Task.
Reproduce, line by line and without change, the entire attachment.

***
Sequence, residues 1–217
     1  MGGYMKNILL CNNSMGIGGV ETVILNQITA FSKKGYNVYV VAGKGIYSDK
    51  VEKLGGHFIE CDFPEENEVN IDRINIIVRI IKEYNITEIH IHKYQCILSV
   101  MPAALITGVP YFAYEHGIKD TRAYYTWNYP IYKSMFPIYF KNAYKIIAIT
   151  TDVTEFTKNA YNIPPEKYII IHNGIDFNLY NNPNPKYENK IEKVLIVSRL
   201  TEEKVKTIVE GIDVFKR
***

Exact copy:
Sequence, residues 1–217
     1  MGGYMKNILL CNNSMGIGGV ETVILNQITA FSKKGYNVYV VAGKGIYSDK
    51  VEKLGGHFIE CDFPEENEVN IDRINIIVRI IKEYNITEIH IHKYQCILSV
   101  MPAALITGVP YFAYEHGIKD TRAYYTWNYP IYKSMFPIYF KNAYKIIAIT
   151  TDVTEFTKNA YNIPPEKYII IHNGIDFNLY NNPNPKYENK IEKVLIVSRL
   201  TEEKVKTIVE GIDVFKR